The Ridley Scott directed G I Jane (1997) is one of my guilty pleasures. Watching the elfin Demi Moore transform into a buff, tough-as-nails Navy Seal, cigars, buzz cut, moonlit one-armed push ups and all was thrilling for the 24-year-old me, nearly a quarter century ago. With no one else to share my nascent feminist belief that women could match even beat the men at their own game, this film provided the fuel to sustain the tiny flame of feminist anger I felt while watching a boring entitled male character deign to choose between two stunning, vital women in the top Bollywood film of the same year, Dil Toh Pagal Hai.
It has taken Bollywood nearly 25 years to plagiarise G I Jane in the 2020 Dharma Productions film, Gunjan Saxena. Like G I Jane, Gunjan Saxena is about a woman entering and conquering the last bastion of masculinity, the armed forces. While G I Jane is the fictional account of a woman enrolling in the brutal Navy SEALs training programme, Gunjan Saxena professes to be a fictionalised (just how fictionalised it was we would find out later) account of the true story of the first Indian female pilot in combat. From the training which seems more like ‘Dhal gaya din” type PT in Gunjan Saxena (Jahnvi Kapoor) as compared to the brutal three month training that Lt. Jordan O’Neil (Demi Moore), to the nasty commanding officer and the latent (no separate bathrooms) and overt sexism (from the fellow trainees) and finally to rescue the very commanding officer who doubts their ability in the first place. So yea, retribution and validation tied neatly with a pink bow of a feminist plotline.
After sitting through the yawn-fest that is Gunjan Saxena and getting more and more agitated at the shameless plagiarisation, I decided to re-watch G I Jane (I have the original DVD, yo) to see how it held up as a feminist film more than two decades later. As a case study for full equality of genders in the combat forces, Lt. Jordan O’Neil is chosen to join the elite and exceedingly tough Navy Seal training. Already smarting at not being able to join active combat at the Gulf War, Navy Veteran O’Neil is determined to give it her all, but not before announcing loudly that she is, “… not interested in being some poster girl for women’s rights”. Sigh, not quite the feminist film that I seem to recall. Jordan conveniently forgets that it took a lot of fighting for the self-same women’s rights to get her to this point.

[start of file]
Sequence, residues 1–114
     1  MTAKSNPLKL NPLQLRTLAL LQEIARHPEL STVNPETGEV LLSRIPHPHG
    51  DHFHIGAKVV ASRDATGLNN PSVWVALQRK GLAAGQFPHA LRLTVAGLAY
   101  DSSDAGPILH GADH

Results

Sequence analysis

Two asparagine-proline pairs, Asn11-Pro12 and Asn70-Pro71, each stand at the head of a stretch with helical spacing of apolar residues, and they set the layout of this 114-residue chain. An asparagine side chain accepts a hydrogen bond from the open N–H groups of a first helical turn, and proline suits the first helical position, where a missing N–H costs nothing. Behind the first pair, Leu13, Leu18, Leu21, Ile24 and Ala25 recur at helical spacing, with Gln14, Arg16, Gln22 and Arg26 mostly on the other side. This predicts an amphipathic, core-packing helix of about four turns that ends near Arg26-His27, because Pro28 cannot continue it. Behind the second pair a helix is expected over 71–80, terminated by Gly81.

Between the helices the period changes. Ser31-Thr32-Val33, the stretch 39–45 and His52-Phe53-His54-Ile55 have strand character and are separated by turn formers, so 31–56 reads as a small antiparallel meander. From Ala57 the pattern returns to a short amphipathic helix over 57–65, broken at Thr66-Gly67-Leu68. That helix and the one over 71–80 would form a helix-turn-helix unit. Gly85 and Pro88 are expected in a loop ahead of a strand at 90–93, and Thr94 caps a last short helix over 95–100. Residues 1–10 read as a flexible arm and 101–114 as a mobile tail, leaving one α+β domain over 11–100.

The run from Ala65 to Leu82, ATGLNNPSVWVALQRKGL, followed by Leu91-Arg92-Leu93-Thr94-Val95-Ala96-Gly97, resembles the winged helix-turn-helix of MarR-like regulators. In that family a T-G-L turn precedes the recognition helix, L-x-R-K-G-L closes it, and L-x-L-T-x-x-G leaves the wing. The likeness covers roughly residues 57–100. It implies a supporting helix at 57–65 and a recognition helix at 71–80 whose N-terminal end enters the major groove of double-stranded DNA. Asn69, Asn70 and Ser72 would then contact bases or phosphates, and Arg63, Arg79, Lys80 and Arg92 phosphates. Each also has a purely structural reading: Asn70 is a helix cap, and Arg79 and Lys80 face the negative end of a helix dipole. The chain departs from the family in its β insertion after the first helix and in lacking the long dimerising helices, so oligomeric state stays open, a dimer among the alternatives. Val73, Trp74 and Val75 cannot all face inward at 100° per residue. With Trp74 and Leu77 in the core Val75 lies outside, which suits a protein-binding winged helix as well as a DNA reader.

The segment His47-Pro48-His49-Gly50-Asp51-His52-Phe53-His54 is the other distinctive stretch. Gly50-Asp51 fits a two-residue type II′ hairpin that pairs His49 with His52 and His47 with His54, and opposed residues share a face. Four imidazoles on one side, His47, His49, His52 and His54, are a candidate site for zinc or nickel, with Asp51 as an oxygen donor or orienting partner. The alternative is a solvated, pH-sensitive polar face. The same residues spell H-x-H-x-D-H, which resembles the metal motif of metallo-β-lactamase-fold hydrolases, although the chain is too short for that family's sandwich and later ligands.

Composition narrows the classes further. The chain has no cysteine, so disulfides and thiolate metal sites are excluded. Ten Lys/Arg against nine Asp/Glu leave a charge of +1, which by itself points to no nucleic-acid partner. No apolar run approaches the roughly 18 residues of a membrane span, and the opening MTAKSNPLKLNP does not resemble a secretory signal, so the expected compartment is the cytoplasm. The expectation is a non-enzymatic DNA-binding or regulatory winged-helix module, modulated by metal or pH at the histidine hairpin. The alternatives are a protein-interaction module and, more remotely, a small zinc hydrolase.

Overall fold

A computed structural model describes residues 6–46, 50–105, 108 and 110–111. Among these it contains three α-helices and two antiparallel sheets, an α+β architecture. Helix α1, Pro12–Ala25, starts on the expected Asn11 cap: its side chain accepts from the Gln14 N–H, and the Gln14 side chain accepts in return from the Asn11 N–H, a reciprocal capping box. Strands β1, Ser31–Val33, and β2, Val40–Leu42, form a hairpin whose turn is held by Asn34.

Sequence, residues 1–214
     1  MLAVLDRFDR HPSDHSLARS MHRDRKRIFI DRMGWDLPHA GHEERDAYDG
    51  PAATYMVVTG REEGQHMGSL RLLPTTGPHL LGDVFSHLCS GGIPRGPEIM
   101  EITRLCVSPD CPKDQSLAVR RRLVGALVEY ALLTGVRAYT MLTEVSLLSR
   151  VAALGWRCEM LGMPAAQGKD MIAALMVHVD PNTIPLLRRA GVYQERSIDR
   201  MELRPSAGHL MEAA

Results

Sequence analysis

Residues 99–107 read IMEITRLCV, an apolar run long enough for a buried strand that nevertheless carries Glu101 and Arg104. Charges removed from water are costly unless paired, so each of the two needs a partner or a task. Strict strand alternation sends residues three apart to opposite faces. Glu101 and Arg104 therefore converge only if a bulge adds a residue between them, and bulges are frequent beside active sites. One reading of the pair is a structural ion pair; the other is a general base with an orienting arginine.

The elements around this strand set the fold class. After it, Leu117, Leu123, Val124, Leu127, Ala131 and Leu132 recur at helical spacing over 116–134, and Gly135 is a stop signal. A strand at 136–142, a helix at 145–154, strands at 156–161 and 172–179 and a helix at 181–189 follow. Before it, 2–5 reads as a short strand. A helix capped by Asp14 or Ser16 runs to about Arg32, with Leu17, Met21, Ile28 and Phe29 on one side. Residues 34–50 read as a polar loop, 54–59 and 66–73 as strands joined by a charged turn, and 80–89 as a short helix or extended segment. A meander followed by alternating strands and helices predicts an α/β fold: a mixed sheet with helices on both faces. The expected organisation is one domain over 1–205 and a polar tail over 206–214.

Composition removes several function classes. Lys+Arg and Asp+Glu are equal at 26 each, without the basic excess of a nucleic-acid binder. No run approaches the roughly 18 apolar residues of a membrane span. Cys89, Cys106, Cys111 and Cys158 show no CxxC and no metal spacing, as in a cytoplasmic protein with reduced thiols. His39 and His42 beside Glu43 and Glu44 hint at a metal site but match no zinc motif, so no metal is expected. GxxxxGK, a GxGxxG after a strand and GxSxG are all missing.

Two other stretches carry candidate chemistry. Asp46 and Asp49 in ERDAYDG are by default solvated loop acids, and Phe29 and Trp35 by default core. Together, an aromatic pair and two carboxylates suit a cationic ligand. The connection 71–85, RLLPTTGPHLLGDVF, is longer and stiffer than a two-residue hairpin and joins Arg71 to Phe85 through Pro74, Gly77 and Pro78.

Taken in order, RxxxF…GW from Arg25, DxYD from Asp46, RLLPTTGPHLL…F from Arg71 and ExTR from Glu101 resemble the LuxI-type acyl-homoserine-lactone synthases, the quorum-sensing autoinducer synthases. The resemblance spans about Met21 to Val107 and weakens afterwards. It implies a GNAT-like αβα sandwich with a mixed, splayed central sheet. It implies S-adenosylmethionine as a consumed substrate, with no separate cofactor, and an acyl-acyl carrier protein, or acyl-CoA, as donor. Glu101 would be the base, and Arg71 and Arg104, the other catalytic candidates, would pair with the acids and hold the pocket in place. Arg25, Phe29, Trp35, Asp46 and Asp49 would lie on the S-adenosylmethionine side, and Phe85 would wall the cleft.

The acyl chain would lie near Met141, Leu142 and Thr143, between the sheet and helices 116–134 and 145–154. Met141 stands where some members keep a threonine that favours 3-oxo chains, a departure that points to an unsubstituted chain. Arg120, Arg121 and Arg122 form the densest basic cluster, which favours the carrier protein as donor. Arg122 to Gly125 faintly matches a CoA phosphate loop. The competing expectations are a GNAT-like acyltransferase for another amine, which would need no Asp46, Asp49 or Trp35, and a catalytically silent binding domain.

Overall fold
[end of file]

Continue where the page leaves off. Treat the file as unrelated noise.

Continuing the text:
Throughout the film Jordan consistently refuses any special treatment for being a woman and thus earns the grudging admiration of the hardass-in-tiny-shorts Master Chief Urgayle (Viggo oh-my-ovaries Mortensen). Indeed, the whole film is less about women’s rights but about a certain kind of woman, who is ‘not like the other girls’, who never makes any allowance towards her femininity, so determined is she just to be considered an equal. There is even a passing mention by the doctor on the base Jordan of having stopped menstruating because her body fat percentage has dropped below the optimum. To which of course the more-macho-than-thou Jordan shrugs.
And so against all odds we watch Jordan consistently punch above her weight and qualify at a program where 60% of the men fail miserably. The climactic moment of the film arrives a little before the actual dull-as-dishwater climax when Jordan, having defeated her nemesis Master Chief Urgayle, bellows at him to ‘Suck her dick’, thereby achieving her goal of not wanting to be the poster girl for women’s rights and finally becoming one of the boys in a man’s world.